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Des Moines, Iowa — An Iowa woman who says she was wrongly ticketed by an automated traffic camera when she wasn’t speeding has accomplished the unusual feat of getting the state Supreme Court to consider her $75 small-claims case.

For Marla Leaf, 67, it’s not about money, but about constitutional rights. Her attorney, James Larew, argued Wednesday that the city of Cedar Rapids, where Leaf lives and was ticketed, is violating equal protection and due process clauses of the Iowa Constitution in part because it delegates police power to Gatso USA — the private, for-profit company hired to run the equipment.

Leaf said she pursued the case all the way to the Iowa Supreme Court for a simple reason: She’s not guilty. Given her experience, she also questioned whether Cedar Rapids’ system is fair to motorists.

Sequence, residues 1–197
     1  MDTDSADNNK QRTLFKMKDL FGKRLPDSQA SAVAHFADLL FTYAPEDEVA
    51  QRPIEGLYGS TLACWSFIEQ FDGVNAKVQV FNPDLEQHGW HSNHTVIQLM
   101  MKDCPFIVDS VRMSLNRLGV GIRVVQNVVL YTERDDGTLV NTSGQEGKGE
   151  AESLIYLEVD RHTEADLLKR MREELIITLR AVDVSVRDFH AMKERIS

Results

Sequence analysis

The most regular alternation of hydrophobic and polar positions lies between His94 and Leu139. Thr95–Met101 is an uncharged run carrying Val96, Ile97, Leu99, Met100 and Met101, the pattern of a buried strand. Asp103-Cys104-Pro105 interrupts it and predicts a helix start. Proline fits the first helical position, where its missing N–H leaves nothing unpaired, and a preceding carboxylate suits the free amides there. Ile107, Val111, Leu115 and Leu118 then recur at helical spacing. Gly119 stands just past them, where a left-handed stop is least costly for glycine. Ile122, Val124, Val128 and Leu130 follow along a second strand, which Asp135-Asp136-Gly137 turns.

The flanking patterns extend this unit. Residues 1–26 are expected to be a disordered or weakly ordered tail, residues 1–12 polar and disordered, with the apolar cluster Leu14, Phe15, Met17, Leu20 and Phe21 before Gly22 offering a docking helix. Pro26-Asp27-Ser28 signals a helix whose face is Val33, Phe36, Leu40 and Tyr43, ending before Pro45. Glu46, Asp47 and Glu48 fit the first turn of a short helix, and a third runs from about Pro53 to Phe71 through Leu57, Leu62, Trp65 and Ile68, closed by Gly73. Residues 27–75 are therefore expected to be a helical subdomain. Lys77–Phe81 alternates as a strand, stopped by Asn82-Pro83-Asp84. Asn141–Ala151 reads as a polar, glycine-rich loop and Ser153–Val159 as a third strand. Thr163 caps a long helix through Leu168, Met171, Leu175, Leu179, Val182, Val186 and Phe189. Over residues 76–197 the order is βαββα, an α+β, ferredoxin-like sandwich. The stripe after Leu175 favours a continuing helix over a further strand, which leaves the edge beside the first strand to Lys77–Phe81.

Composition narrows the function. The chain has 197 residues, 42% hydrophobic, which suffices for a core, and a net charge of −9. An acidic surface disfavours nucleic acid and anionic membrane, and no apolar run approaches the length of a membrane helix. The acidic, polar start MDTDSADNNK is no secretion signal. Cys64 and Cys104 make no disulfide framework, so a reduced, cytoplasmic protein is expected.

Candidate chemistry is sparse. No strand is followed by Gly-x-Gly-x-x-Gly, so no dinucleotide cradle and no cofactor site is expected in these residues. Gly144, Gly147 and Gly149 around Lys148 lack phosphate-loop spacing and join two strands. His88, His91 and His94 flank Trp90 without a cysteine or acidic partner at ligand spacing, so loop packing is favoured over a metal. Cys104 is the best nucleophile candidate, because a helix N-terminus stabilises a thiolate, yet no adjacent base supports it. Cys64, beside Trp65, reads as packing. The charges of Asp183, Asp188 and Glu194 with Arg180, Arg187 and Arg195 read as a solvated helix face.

Leaf’s case, which the Iowa Supreme Court combined with another case with similar arguments involving six vehicle owners, is unusual because small claims rarely make it to the state’s highest court.

Such cases are closely watched by other communities with automated traffic equipment, much of which is run by private companies.

Leaf was driving her Ford Mustang home from an eye doctor’s appointment on Feb. 5, 2015, when the automated speed camera system on Interstate 380 in Cedar Rapids clocked her at 68 mph in a 55 mph zone. She recalls the roads were icy and insists she was traveling between 50 and 55.

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